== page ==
Catalogue of the Archives of the Dutch Central Government of Coastal Ceylon, 1640-1796

Fonds Specifications


Biographical History

The development of the administration.

The Council.
It was in the Governor's residence that the Council, the advisory board of which the Governor was chairman, assembled for its meetings. Since the year 1727, it was generally known as the "Politieke Raad", and this assembly, "with the Governor as its president, or in the absence of the Governor, the next person in authority, represents the govern- ment of this Island" [1]. In earlier times, there was a Council of Ceylon, which, however, was seldom summoned. [2]. Its records are found among those of the "Politieke Raad", and there does not seem to have been any material difference between the two [3].
To represent the original "Politieke Raad" of Colombo as being merely a local body under a commandeur, similar to those in Jaffna and Galle, does not seem to be correct. The Colombo council minutes definitely deal with matters concerning the general management of the whole Island. If the Governor was present he always signed the minutes. Moreover, the fact that the early council minutes kept in Galle and Negombo were brought to Colombo after the capture of that town in 1656, in order to complete the series of decisions by the Central Government, as indicated in the old Dutch lists [4], is ample proof that practically from the beginning the Colombo council was regarded by the Dutch as their Central Government, whereas the decisions taken in Jaffna, Galle and elsewhere were regarded as those of local bodies. Nevertheless, some local features were characteristic of the Colombo council. Both the "hoofdadministrateur" and the Colombo dessave had their equivalents in Jaffna and Galle (the Matara dessave) who were subordinate to the "commandeur" in charge. In Colombo, however, these two staff officers were placed directly under the Governor and were members of the Central Government.
The term "Political Council" is not really a satisfactory translation of the name "Politieke Raad". It can more accurately be styled " Council of Polity ", in accordance with governor van Imhoff's definition of that word: "Polity is not craftiness, nor statesmanship as interpreted by many who fail to grasp the full value of the words they use and confound it with politics. Much rather is it that civic prudence, strengthened by executive authority, which can maintain in good order everything that makes comlunal life advantageous, easy and agreeable". Therefore, the simple word "Council" is more expressive of its functions to the modern mind than the term "Political Council".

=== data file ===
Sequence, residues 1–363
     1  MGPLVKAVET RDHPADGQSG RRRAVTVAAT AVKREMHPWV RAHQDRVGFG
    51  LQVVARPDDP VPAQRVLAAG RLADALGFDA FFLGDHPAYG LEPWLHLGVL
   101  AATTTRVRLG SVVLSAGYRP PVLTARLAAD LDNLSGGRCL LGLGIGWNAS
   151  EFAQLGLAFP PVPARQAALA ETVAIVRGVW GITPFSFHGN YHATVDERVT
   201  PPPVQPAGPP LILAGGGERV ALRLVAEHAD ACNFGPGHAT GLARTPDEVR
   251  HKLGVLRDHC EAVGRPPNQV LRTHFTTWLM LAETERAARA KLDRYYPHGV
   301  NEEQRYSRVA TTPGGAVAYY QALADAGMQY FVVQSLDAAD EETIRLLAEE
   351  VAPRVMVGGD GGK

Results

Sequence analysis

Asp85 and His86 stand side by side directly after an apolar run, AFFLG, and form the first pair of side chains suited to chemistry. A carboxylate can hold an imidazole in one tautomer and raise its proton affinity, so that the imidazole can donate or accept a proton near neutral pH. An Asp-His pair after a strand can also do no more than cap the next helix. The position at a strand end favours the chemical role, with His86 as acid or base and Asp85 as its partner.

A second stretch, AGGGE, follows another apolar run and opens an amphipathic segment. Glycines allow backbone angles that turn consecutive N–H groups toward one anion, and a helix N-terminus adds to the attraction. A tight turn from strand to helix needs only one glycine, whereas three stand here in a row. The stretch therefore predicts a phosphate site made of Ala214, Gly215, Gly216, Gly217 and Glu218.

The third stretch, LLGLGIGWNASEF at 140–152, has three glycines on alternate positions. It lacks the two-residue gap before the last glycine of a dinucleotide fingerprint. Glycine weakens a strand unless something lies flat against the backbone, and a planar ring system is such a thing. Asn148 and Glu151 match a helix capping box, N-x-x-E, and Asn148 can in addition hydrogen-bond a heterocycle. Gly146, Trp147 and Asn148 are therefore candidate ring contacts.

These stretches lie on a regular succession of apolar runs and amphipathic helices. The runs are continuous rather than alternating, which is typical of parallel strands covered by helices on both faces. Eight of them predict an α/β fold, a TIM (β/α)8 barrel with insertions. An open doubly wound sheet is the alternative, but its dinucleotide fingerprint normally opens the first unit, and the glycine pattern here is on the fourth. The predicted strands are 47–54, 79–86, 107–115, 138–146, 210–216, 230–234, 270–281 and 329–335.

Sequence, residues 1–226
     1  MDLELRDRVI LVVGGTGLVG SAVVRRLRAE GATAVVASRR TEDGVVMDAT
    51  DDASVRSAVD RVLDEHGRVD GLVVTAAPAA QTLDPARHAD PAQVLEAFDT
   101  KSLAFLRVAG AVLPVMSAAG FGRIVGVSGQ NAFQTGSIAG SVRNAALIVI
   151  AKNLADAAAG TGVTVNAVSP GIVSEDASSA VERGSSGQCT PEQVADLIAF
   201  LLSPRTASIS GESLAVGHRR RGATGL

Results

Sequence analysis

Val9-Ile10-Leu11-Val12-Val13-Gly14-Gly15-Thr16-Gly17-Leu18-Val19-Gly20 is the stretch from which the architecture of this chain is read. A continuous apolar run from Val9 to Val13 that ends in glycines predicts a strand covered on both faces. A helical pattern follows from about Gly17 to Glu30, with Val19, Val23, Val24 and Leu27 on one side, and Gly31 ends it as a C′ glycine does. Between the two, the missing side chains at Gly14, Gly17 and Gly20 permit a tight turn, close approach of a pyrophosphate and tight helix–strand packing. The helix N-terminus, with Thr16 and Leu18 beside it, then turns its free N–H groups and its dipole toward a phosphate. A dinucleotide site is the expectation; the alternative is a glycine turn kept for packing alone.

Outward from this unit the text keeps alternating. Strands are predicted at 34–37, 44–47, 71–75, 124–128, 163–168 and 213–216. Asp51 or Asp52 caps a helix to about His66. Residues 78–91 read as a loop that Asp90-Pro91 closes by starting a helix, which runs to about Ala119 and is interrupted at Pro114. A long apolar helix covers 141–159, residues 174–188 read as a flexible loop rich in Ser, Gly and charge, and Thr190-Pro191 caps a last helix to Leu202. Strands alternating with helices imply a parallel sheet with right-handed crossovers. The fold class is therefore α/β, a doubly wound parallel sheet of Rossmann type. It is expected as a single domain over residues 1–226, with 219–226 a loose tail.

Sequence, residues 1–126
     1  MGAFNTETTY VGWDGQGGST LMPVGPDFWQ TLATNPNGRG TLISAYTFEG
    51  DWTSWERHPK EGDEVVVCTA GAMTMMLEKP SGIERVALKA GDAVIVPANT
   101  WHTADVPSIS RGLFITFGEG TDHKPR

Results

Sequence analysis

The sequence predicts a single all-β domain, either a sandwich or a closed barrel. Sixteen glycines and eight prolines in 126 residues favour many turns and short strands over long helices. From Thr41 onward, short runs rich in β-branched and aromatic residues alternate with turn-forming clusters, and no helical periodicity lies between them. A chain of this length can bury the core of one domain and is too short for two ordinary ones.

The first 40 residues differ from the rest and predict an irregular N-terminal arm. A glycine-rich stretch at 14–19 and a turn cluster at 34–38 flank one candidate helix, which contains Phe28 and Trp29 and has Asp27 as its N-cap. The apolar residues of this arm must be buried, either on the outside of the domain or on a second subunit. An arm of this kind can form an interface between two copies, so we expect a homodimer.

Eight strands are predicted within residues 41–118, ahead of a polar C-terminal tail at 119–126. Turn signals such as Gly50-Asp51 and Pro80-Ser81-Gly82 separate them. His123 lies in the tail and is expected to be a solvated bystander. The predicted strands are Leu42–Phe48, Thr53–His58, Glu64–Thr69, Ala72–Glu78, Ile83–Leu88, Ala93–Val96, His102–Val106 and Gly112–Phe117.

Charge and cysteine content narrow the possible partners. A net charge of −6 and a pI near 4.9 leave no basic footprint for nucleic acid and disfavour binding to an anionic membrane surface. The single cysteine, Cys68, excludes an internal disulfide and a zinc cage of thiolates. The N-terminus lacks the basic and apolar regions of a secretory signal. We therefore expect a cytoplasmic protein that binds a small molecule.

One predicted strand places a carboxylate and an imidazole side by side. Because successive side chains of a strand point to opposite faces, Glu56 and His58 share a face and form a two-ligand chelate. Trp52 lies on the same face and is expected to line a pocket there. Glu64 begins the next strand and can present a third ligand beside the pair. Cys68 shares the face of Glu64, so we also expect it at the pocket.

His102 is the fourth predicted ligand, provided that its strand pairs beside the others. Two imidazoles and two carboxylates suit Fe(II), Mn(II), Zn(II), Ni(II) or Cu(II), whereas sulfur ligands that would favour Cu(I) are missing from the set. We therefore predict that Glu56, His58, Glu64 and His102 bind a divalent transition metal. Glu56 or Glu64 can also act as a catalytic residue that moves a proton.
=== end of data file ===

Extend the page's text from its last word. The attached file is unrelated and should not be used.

The Council consisted of eight members besides the Governor, sometimes less but never more, elected from among the highest officials, including those holding the rank of "koopman" . [5]It must be borne in mind that the administration of the V.O.C. was an ordered hierarchy. The civil servants had their respective ranks, which were expressed in terms corresponding to the degree of importance of the office held, with the designation "koopman" as a unit. "Onderkoopman" (under-merchant), "koopman" (merchant) and "opperkoopman" (chief-merchant) were the ranks of the officers: their posts and stations were assessed accordingly. Whenever the "commandeurs" of Jaffna and Galle happened to be in Colombo, they took their seats in Council in order of precedence next to the Governor as second and third respectively. They were high officials: some of them even held the rank of "Raad- Extraordinaris" in the Council at Batavia. The position of the "commandeur" at Tuticorin, which was originally on an equal footing with those of Jaffna and Galle, deteriorated in the early years of the 18th century, to increase later on in importance again.
From its minutes, it is clear that the Council met in ordinary and in secret session. The latter, although three earlier files of its mirutes are extant, do not start regularly until 1737. The same persons were present at both the ordinary and the secret meetings. In the ordinary series a division is observed in the latter half of the 18th century. On the 18th April 1787, a proposal of the Governor was carried through unanimously, "to treat both here as well as in the outstations by separate resolutions everything regarding the government of the country, and that these resolutions and their annexes will be bound in separate volumes which will be described as minutes or annexes touching the department of the interior". A further division was made on 2nd September 1790, when the Governor proposed in Council "to treat and to cause to be treated in future all matters regarding the military department or matters of defence by separate resolutions, and to indicate such letters and treat them as secret papers, regarding which decision a circular will be sent to all subaltern comptoirs of the government." This is the reason why, at the end of the Dutch period, two other series of council minutes appear next to the existing series of ordinary and secret council minutes. The separation is not of much more than administrative importance, and the new administrative sections are called the "binnenlandsche" and the "militaire" departments. [6]
Quite different to these was the position of the Secret Committee, which was established during the war with Kandy from 1762-1766, on an order from Batavia. It was selected by the Governor on the 5th October 1762, out of the council members and, "entrusted with all matters of policy and war", it was superior to everyone except the Governor. This Committee, although closely linked up with the Council, has been dealt with in the catalogue [7] as a separate body.